Dear Saddleback Family,
Life is bittersweet.
It is bittersweet because nothing stays the same forever on earth. Anytime an experience or relationship is going great, we want it to never end. But even if we try, we cannot keep change from happening. Everything changes with time.
I’ll never forget when I moved off to college, feeling the loss both my parents and I felt, yet knowing I couldn’t live at home forever. It was bittersweet.
I’ll never forget officiating at my daughter Amy’s wedding, knowing that her allegiance to me as “the man in her life” was now transferring to her husband. It was good thing, and the right thing to do, but it was bittersweet.
I’ll never forget when Glen Kreun told me it was time for someone else to take his place of leadership after serving faithfully by my side for decades. That was bittersweet, too.
While all of us want to grow, we don’t like the ‘letting go of the familiar’ part of growth. But the truth is, there is no growth without change, there is no change without loss, and there is no loss without pain and grief. That’s what makes life bittersweet.
For the past three years, our Elders – the men who have served longest with me at Saddleback Church – have been prayerfully discussing, strategizing, and thinking through the long range plans for our church family. We’ve struggled with the goals for Decade of Destiny, what it means to make room for a new generation of Saddleback leaders, how we should hand over authority to new leaders, and what our church might look like after we’ve all passed from the scene. We knew we needed to start planning the transition years in advance.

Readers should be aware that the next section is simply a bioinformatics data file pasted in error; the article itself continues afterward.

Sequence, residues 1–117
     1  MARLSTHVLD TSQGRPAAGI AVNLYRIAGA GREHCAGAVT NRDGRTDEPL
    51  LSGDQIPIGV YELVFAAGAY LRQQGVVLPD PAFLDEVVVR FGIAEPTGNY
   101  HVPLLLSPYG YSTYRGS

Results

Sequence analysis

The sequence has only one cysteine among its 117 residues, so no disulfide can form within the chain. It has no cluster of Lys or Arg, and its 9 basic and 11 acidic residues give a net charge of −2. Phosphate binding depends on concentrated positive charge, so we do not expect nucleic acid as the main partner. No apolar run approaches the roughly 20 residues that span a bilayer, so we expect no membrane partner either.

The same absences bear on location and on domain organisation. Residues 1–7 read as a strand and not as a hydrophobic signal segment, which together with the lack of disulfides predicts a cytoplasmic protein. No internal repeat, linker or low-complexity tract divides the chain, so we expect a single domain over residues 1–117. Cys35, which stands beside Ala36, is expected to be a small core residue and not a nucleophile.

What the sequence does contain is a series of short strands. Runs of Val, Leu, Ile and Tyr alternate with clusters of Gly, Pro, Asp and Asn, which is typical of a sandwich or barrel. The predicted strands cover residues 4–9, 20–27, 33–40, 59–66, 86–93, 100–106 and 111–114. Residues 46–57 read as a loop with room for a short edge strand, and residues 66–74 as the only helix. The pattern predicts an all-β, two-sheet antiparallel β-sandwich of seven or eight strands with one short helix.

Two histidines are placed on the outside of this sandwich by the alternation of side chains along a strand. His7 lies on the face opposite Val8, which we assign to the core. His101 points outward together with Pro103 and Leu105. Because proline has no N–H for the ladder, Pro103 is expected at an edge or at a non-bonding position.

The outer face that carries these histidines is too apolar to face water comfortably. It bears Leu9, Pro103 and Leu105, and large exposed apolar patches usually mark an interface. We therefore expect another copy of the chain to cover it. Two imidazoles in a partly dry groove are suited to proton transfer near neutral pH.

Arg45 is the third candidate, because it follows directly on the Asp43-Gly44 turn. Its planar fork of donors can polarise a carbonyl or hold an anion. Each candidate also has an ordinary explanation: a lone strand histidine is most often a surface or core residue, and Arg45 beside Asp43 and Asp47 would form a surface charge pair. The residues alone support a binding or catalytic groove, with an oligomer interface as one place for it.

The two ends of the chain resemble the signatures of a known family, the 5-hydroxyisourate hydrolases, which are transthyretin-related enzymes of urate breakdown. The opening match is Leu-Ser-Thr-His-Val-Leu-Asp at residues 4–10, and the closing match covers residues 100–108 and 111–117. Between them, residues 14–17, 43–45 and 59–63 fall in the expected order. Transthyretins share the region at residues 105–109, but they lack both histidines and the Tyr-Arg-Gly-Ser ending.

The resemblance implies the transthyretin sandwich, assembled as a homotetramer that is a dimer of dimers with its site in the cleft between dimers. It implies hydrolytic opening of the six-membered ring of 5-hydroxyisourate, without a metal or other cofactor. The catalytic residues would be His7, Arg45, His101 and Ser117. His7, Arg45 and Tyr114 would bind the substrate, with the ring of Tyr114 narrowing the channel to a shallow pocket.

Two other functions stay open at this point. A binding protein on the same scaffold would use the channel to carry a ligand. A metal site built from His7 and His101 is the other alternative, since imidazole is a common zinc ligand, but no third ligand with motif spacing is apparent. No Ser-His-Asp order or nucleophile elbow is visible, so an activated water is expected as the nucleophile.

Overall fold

A verse that we’ve thought a lot about is John 16:7 where Jesus told the young leaders he had trained, “I tell you the truth: It is for your good that I am going away. Unless I go away, the Counselor will not come to you.” Jesus knew that, as long as he was present, the disciples would never take on the leadership he had been training them for. Young leaders rarely step up until older leaders step aside.
My longest serving pastors – Glen Kreun, Rick Muchow, Doug Fields, Tom Holladay, Steve Rutenbar, and John Baker – have joked for years that we all intended to step aside for new, younger leaders on the same date. Then we’d all travel the world together, training other churches. But we eventually realized that if we all transitioned out of pastoring Saddleback at the same time, it would leave such a sudden leadership vacuum that our church family might not recover from the shock. We knew the transition to the next generation had to be more measured. So here was our plan: